And yet, with every passing hour, I become more and more convinced they have a far better handle on the world than current 40(ish) somethings.
There’s the obvious evidence in current events, with survivors from Marjorie Stoneman Douglas high school calling bullshit on the NRA and standing strong in the face of threats from deplorables.
Based on my life this week, though, my reasoning for placing so much faith in today’s adolescents is they have, for the most part, collectively given a huge middle finger to Facebook. My 15 year old has an account, but he only signed up for it because of some game he wanted to play, and my 13 year old has never expressed any interest.
Of course, they spend too much time on snapchat, which I don’t really get because I haven’t put the effort into getting it; and I’m old. And, I know snapchat has its own issues and I probably need to do a better job of informing myself as to what those issues are.
But, my teenagers, even being all hormonal and stinky and angsty and teenager-y, seem to have far fewer interpersonal struggles and angst than my fellow middle aged Facebook users. There are no algorithms determining what shows up in the newsfeed of their lives, placing them in a bubble of only like-minded individuals. They don’t limit their interactions with their peers to Facebook- they actually see and talk to their friends on regular bases. When my son has political or ideological differences with his friends, they hash them out verbally instead of virtually. It happened just last week. We were on spring break with another family. The two 15 year old boys stumbled into a disagreement about immigration and deportation. Jerod, who has inherited my tendency to feel things WAY too strongly (fuck you, nature AND nurture) got pretty upset. I’m certain no consensus was reached between these two kids, but Jerod and I took a little time out from the rest of the crew on the ferry ride back to our rented house, we got home, everybody went to bed, and the following day everyone woke up and got back to the business at hand: vacationing.
There was no ongoing back and forth in a comment thread. There was no name calling. There was no ‘unfriend’ button to be pushed in the heat of the moment. At one point the dads became involved and my understanding is they also had some disagreements. I say ‘my understanding,’ because I handled conflict they way I always do. By distancing myself from it. I suddenly became very invested in taking photos of the other kids and the harbor and pretended nothing was amiss. Again, though, the following morning, nothing was amiss. We went to a wildlife park. The teenagers took tens and tens of pictures of marsupial genitalia (those crazy ‘roos have no shame), like any normally functioning teenagers would do. We all went out to dinner. I ate too much. Life went on just as it did before the disagreement arose.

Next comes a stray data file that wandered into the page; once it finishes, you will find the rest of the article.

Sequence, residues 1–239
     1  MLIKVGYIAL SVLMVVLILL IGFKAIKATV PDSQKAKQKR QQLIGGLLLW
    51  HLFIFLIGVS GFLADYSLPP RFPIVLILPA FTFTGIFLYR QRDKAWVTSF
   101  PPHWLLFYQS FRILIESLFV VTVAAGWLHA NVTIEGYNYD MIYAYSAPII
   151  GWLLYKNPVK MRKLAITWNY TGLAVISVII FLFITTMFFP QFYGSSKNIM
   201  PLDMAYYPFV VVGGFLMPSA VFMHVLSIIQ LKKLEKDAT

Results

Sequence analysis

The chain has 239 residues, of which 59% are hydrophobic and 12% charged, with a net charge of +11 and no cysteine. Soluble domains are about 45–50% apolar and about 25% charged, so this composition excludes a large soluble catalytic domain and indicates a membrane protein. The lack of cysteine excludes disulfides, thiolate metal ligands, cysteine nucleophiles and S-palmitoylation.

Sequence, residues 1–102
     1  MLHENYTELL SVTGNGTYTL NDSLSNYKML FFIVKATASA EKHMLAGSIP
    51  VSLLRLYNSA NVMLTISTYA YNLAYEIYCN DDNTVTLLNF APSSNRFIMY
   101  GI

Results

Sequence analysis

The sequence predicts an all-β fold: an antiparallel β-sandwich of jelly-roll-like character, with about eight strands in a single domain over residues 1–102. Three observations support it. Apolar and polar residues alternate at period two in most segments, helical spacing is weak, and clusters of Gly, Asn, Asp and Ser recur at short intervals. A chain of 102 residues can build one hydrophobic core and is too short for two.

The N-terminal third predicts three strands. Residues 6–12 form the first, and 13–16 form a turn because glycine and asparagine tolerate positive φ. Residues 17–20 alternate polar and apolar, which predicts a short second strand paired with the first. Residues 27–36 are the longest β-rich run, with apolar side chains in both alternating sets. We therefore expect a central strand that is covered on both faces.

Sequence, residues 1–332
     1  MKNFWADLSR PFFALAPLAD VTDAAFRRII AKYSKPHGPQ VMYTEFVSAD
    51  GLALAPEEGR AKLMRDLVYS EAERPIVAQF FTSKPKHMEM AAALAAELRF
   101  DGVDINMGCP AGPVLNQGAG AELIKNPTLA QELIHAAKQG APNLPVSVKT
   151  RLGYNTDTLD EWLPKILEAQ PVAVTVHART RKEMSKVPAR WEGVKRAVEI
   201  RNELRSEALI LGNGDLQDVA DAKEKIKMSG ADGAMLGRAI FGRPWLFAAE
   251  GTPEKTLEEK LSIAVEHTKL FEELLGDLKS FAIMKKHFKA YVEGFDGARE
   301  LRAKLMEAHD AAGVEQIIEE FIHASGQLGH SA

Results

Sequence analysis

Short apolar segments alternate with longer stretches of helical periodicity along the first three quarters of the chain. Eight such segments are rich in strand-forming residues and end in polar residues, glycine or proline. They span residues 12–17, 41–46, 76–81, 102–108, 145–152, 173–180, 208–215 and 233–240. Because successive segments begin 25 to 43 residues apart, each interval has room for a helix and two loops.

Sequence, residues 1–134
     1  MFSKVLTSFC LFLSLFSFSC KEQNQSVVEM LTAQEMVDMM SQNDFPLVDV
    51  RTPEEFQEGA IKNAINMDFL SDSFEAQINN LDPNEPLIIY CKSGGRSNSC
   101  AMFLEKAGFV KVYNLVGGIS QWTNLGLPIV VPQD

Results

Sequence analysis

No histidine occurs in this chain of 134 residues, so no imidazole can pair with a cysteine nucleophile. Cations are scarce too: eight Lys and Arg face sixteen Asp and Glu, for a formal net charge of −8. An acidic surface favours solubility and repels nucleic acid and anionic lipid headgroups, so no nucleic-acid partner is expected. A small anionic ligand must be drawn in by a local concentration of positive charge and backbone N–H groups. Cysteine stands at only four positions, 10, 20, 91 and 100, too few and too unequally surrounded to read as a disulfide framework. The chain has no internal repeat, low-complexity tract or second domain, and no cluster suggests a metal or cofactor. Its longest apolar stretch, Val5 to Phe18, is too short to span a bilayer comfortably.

This is not how it tends to go in my life. I actively work at not using that unfriend button in the heat of the moment, but if someone annoys me on a regular basis or I feel like they’re trolling my posts with nonsense; unfriending comes really, really easily to me.
I wake up pissed off more days than not, over stuff I’ve argued about with some dipshit from high school who I likely never would’ve reconnected with sans facebook. Let’s pick that apart a little: I’m fighting with someone I probably shouldn’t have connected with in the first place. He or she lives 700 miles away, Facebook is our only current means of connection, and we weren’t really even friends when we actually lived in the same town, which was over 25 years ago.
Utter lunacy. And productive on exactly zero levels.
These sorts of conflicts are not limited to long distance relationships. People who live literally within blocks of one another, who haven’t actually had in person interactions in weeks, months, or years say or do something stupid to one another- ill advised comments, lingering debates, rash reactions. Since it’s done virtually and not in person, there is no context. Neither party knows what shit the other has endured that day. Neither has the complete picture. I am no expert at interpersonal relationships. In fact, I can think of few people I know who are worse at them than I am. But I know THIS IS BAD PRACTICE. And completely avoidable for Facebook acquaintances who live in the same community and could actually talk to one another.
And, I cannot fully tackle the issue of the sounding board Facebook gives to terrible, horrible, no good, very bad racist asshats; and the despair that ensues. Even within my Facebook created algorithmic bubble, I cannot escape the notorious Maisy (name changed, kind of), who lives in my community and posts overtly racist and often libelous tripe; and deeply troubles reasonable thinking folks on a regular (and completely unchecked) basis. I have no doubt there is at least one Maisy in everyone’s community.
I am not saying the bad outweighs the good when it comes to Facebook, though I might be suggesting it. What I’m saying is my teenage children have avoided the bad, and it makes me unspeakably happy.